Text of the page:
Hey, Abraham, don't be too hard on yourself.  Sure, Elkanah gives Hannah as much time as she needs to wean their child, but then they give the child away forever to be a priest.  So that's not exactly being attentive to a child's needs either.  I mean, a parent has to be able to let go, but that was a little extreme - giving a child up to be raised as a priest from the time he was a toddler?!  Compared to them, I don't think you were such a bad parent.



          Now that's a more charitable way to look at it.  Thank you, Rabbi.

          And you know, the party wasn't a complete failure.  I reconnected with some old friends I hadn't seen in years.  Malkitzedek was there, as inscrutable as ever.  He did his whole shtick again about how he was a priest of El Elyon, and how we should be giving him a tithe - just exactly as I remembered it all those years ago, when he came to me after the battle to rescue Lot.  You know, I hadn't seen him since I rescued Lot all those years before.  And as a matter of fact, after the party I never saw him again before I died. What a character - there were some who came to the party who thought that I had hired Malkitzedek as entertainment for the celebration.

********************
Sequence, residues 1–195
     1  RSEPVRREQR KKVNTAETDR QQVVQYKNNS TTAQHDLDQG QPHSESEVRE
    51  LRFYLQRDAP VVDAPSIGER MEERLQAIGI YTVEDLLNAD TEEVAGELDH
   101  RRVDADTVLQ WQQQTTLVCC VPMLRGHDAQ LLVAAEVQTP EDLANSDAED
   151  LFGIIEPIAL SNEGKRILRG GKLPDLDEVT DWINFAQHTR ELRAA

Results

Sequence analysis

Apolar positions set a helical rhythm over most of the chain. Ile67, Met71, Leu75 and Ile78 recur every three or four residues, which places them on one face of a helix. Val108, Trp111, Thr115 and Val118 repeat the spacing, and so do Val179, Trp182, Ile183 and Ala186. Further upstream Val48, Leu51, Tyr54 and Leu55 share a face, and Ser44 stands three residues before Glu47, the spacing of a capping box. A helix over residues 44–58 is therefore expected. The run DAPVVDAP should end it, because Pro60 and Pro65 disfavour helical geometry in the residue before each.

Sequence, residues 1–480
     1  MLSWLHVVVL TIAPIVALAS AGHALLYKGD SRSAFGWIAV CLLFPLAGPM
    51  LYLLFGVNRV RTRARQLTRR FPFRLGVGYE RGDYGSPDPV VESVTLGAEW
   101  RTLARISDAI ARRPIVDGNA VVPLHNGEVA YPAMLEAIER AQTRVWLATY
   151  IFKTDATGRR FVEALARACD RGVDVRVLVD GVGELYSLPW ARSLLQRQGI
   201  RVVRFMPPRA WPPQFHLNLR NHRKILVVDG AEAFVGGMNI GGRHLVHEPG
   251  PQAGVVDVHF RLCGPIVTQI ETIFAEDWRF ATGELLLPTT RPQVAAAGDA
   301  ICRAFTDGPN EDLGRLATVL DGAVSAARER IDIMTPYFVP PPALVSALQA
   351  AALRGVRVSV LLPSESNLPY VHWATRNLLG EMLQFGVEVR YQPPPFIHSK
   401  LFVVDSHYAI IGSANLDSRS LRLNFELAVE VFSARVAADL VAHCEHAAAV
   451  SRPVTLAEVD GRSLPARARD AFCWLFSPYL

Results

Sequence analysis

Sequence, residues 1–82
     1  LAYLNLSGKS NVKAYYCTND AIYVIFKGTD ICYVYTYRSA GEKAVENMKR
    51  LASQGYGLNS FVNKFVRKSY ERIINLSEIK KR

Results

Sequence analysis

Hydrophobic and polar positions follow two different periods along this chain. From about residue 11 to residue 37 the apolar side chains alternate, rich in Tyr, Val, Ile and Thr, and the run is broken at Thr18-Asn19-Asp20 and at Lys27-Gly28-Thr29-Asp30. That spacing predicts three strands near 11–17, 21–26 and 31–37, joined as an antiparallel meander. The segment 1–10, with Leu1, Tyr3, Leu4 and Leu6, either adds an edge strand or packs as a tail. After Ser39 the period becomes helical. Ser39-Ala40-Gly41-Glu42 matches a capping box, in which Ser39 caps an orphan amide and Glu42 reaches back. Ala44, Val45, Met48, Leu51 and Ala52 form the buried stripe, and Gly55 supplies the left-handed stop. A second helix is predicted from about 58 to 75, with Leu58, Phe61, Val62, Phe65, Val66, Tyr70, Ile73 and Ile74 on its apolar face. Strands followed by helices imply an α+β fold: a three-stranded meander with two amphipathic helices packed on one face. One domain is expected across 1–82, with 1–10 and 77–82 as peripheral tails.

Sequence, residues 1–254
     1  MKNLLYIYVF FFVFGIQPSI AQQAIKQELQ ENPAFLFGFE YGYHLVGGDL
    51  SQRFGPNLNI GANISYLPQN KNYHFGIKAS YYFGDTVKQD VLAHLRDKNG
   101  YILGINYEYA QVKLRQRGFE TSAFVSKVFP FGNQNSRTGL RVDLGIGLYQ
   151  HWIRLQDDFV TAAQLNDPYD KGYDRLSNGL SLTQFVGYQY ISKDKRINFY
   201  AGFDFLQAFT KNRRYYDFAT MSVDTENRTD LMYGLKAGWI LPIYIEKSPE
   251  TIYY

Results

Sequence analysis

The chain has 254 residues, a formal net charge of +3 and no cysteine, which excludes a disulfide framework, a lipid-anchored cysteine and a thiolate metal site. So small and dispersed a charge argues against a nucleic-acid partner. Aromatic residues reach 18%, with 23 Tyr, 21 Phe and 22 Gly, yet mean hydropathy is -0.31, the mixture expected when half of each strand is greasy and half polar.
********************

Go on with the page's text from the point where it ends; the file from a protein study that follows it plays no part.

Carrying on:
And Lot showed up, nebech.  What a mess he was.  I had heard of course about what had happened to Sodom, and that he was homeless.  But apparently there was something else bad that happened to him - something about his daughters - he was positively raving like a lunatic - I was so busy with the g'dolim I'd invited, that I didn't really get to talk to him - which was too bad.  But I had more important folks to talk to.  I heard that Lot died shortly afterwards; it was too bad that I didn't get a real chance to talk to him.